Monday, July 8, 2019

Recommendations for affordable housing may include accessory dwelling units, apartments above businesses

Rich Schein, Midway's member on the Versailles-Midway-Woodford County Planning Commission, points to a zoning
map of Midway as Lori Garkovich and City Council Members Logan Nance, left, and Stacy Thurman, right, look on.
Midway has been asked to join Versailles in asking local planning officials to allow accessory dwelling units in residential areas and apartments in commercial zones, and make other changes in the county's zoning ordinance to encourage more affordable housing.

The city's Affordable Housing Committee heard the request Monday from Lori Garkovich, a member of its counterpart committee in Versailles that has already developed recommendations. She said a joint request from both towns to the countywide Planning Commission would "have more traction."

"I think if we went together, it would be more persuasive, and it would be easier to sell to the public," said Garkovich, a retired University of Kentucky sociology professor who has long been active in land-use issues in Woodford County.

The Versailles group also wants other measures, such as a community land trust to lease land to homebuyers, but those will take more time and effort, and allowing accessory dwelling units "was something they could act on right away," Garkovich told the Midway group.

ADUs can be part of a home or detached from it, and can be occupied by renters, adult children, other family members, caregivers and so on. "We had a vision there would be a mix of private homes, townhomes and apartments," to give people a wide range of choices and flexibility when their living arrangements need to change, Garkovich said.

City Council Member Stacy Thurman, chair of the committee, noted that there are many details to work out, such as whether detached units should resemble the main house and whether off-street parking should be required. Before the meeting, Thurman distributed an article from a land-use planner about accessory dwellings, which can be downloaded here.

"I certainly don't think accessory dwelling units are the answer to affordable housing in Midway altogether, but it's a good start," Thurman said. She asked Garkovich what the downside of allowing such units would be.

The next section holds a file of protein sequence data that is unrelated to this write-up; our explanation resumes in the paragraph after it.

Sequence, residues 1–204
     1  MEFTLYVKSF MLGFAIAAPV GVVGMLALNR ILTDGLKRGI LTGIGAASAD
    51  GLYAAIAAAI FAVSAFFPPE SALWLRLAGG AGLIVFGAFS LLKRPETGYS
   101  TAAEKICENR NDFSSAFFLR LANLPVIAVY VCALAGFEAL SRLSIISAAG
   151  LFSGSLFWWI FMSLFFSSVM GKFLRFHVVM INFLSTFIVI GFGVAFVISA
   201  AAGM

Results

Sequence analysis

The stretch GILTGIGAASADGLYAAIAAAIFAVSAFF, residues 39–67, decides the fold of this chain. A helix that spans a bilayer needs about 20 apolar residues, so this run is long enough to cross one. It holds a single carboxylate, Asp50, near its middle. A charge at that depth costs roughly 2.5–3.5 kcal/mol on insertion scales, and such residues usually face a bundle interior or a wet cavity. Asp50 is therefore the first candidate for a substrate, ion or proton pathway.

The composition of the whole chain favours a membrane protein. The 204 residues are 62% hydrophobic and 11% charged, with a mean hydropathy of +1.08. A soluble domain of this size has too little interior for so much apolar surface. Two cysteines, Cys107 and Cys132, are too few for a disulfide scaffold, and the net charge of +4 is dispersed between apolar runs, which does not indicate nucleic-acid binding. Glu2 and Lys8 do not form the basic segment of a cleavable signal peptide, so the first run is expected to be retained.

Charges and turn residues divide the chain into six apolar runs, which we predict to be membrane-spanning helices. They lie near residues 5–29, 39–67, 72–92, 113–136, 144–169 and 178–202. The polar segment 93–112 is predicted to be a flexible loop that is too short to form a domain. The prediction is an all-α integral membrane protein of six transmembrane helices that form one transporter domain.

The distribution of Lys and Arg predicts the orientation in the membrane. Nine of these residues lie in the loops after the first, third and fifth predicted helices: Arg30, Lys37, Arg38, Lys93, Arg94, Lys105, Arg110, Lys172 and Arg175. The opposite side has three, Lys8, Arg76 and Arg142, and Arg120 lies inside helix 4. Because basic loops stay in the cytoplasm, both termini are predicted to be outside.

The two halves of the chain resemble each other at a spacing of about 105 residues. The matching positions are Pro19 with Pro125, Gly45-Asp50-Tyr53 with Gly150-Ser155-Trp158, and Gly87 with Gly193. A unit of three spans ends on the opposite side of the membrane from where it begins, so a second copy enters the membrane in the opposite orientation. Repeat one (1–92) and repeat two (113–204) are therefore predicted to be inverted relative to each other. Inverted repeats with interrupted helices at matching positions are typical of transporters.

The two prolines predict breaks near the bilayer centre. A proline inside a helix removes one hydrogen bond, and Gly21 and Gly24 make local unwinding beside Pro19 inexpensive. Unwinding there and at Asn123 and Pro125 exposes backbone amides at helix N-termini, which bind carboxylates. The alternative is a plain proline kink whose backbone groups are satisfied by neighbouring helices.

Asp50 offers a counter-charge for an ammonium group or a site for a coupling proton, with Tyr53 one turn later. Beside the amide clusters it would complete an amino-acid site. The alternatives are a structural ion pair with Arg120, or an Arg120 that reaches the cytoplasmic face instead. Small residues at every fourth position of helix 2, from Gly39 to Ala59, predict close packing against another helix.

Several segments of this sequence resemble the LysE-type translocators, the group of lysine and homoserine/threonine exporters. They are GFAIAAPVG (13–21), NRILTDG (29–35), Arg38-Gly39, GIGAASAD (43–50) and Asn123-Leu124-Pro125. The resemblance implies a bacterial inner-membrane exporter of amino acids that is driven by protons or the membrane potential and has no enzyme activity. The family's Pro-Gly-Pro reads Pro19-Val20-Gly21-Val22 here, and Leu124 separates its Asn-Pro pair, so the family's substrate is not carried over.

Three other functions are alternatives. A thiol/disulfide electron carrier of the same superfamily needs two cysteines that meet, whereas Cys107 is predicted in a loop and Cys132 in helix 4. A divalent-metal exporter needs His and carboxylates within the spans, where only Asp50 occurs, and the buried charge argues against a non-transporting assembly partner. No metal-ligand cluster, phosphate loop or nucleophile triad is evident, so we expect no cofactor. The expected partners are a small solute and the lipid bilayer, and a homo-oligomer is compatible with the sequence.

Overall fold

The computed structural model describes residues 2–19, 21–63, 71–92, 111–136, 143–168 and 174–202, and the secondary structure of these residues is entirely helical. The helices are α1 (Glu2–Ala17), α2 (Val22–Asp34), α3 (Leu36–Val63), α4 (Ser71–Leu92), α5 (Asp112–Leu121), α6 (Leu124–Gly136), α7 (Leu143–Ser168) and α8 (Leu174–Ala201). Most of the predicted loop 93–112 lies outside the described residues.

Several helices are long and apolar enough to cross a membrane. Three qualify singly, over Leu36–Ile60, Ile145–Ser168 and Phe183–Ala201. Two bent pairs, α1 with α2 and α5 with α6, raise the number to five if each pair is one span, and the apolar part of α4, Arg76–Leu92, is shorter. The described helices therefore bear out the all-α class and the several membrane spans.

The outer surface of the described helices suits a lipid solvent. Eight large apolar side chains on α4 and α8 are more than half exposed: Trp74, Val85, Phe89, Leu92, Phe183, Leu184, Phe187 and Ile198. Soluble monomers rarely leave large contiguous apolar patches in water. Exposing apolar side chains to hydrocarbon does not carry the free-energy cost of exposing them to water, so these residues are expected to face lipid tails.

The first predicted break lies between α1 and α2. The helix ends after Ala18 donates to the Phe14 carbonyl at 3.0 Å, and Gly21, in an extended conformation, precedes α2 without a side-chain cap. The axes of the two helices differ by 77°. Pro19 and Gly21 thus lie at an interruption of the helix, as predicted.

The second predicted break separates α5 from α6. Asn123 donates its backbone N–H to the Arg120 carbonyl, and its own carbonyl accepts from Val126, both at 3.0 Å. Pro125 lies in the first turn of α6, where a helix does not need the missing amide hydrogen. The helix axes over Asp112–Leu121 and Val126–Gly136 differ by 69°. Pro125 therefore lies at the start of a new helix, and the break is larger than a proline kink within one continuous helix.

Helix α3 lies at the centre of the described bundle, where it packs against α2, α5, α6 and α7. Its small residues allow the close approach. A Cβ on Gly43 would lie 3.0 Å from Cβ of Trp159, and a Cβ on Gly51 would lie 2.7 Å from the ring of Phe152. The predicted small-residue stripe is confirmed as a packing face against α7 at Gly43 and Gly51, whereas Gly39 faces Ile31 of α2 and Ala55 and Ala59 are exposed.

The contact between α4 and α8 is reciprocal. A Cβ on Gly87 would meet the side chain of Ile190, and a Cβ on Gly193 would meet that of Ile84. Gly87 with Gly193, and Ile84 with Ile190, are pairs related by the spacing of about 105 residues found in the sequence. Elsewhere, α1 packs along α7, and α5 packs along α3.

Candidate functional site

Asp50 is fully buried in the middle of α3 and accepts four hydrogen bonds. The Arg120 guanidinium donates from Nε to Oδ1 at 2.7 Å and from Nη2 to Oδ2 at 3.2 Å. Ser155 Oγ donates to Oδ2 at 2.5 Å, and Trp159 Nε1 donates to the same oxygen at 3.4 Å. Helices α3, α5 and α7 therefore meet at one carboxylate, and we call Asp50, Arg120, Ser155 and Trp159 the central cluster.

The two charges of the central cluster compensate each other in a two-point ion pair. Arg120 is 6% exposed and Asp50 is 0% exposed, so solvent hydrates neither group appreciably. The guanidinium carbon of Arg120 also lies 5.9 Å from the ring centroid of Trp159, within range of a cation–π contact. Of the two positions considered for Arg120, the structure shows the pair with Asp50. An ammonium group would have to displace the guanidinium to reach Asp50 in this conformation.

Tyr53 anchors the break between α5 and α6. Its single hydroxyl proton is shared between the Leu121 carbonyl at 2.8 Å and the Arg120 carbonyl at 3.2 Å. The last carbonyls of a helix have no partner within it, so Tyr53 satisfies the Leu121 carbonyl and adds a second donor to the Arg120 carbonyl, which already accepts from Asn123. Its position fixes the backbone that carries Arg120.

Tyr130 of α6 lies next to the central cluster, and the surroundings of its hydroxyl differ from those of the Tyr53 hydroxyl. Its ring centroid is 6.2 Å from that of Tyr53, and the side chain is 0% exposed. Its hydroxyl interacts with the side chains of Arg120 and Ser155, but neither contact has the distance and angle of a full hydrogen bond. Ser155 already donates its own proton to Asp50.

Garkovich said the usual issue is that people next door to an accessory unit fear it will reduce their property's value, but added that she didn't think that would be a problem in Midway because it has such as small supply of available housing. She said the Versailles plan calls for "quality standards consistent with the neighborhood."

Thurman said, "Most of the people who would be against something like this would be people who don't want Midway to grow at all."

The lack of affordable housing has been a concern in Midway for several years, but gained more currency with the addition of about 300 jobs, and more to come, at the Midway Station industrial Park. Committee member Dan Rosenberg said the city could ask Midway Station employers to provide financial support to affordable-housing efforts.

Garkovich said Midway has a choice: have people commute to the town, work here and leave their payroll taxes behind, or capture their consumer spending and reduce traffic by creating housing for them in the area. "You need economic growth, but how do you want it to happen?"

She said some towns, when expanding their urban service areas for development, require "that a certain inventory of workforce housing" be included in developments in the expanded area.

Rich Schein, a UK geography professor who is the city's representative on the Planning Commission, said the fundamental question facing those who want more affordable housing is how local governments can encourage property sales by owners who aren't now willing to sell.

Garkovich said the two committees might want to have a meeting for property owners, developers, bankers and other citizens to discuss the issue.

The Affordable Housing Committee's next meeting is scheduled for 5:30 p.m. Aug. 12 at City Hall. Its meetings and all meetings of committees created by the City Council are open to the public.

This story replaces the meeting notice posted this morning.

No comments: